The social and economic structure of contemporary American society has changed rapidly over the past decade. Legal practices in the field of divorce law and in the actual behavior of divorcing couples demonstrate that the patterns that were unsatisfactory in the past are presently amenable to constructive and beneficial change. Joint custody, a shared flexible division of parental responsibility without rigid formulas in time, space, and responsibility, is far more emotionally sound and logical for many families as the optimal outcome under conditions of divorce.
It would be far preferable, in spite of the progress achieved to date, if the courts would begin with a clear presumption in favor of joint custody in all cases. The assumptions that underlie the policy of generally granting custody to he mother are outmoded, unrealistic, and damaging…. Women have far different aspirations now than they had even as recently as ten years ago. Maternal custody as a presumed preference is the shadow of a world that no longer exists except in the minds of those who unrealistically still cherish the imperfect past.
The lawyers and the courts which were far from attentive to the little available research on joint custody now have more in the way of positive results to guide them in their judgement for the optimal response in custody decisions. … Even a cursory historical review of the logical underpinnings for custody decisions inexorably leads us to the conclusion that the time for a new operational method, to wit, joint custody, is in order. All is change and the social practices must change together to keep the social fabric intact.
The concept of maternal instinct on which the judicial opinions of the early 20th century relied is an invention that was required by the economic structure and division of functions that were dominant at the time. The urbanization and industrialization of American society separated the social life of the family from its economic sources.
It appears that the divorce having the least detrimental effect on the normal development of children are those in which the parents are able to cooperate in their continuing parental roles.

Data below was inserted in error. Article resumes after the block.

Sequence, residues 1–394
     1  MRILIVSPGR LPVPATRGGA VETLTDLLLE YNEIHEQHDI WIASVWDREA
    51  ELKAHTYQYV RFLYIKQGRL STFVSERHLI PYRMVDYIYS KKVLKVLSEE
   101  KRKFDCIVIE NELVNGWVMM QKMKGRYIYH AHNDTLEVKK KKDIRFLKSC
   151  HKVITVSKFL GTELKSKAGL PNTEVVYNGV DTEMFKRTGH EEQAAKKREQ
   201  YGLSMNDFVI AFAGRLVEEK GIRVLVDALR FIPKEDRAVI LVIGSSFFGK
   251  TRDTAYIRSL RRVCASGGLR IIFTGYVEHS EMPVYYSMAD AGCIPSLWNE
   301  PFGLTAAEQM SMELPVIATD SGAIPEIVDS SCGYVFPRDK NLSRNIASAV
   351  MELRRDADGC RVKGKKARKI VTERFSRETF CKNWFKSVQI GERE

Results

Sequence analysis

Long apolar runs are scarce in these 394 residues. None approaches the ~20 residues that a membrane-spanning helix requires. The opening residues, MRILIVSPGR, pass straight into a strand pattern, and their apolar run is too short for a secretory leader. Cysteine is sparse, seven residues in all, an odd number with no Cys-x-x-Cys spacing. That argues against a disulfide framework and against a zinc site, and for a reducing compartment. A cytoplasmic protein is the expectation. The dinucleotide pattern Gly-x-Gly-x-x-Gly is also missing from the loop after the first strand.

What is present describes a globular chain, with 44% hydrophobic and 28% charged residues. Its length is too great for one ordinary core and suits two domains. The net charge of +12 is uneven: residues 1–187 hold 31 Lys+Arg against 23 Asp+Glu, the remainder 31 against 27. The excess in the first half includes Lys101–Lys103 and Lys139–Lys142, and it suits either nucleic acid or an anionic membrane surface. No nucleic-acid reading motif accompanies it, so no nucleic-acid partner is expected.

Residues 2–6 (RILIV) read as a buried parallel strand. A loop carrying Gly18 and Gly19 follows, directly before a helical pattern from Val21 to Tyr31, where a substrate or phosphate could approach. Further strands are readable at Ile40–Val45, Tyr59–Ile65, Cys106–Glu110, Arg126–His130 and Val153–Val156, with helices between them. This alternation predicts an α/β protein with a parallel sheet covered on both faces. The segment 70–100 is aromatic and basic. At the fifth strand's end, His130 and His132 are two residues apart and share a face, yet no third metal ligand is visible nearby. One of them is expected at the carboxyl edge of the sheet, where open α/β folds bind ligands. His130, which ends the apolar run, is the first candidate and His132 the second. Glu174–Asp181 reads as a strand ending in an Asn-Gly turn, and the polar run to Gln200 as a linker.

Parental cooperation cannot be easily ordered or legislated, but it can be professionally, judicially, and statutorily encouraged and endorsed.
"Winner take all" sole custody resolutions tend to exacerbate parental differences and cause predictable post-divorce disputes . . . .
…a majority of divorcing parents…are capable of joint custody.
We too often forget that one of the most noble functions of law is to serve as a model of expected behavior. Past custody policy and professional skepticism have helped create a model of one-parent families and parental hostility following divorce. Joint custody provides a model of cooperation and continuing parenting. Shared parenting is a positive and reasonable standard of expected parental behavior.
We have learned that the ability to cooperate around parenting issues can be encouraged and enhanced with limited and relatively inexpensive education, counseling, or skillful mediation.
(Fourth) I am concerned about the position that argues that joint custody should not be awarded when parents do not agree.
In these cases it is almost always the woman who is opposed to joint custody. Women do not need to ask for, not agree to, joint custody. They are presumed by society, lawyers, the courts, and themselves to have a right to keep the children in their care and protection.
It is the father who must ask for joint custody and it is often in the mother's power to agree or disagree.
The mother's position is particularly enhanced if she knows that a refusal to share parenting with her spouse will preclude a joint custody order regardless of her reasons for denying joint custody.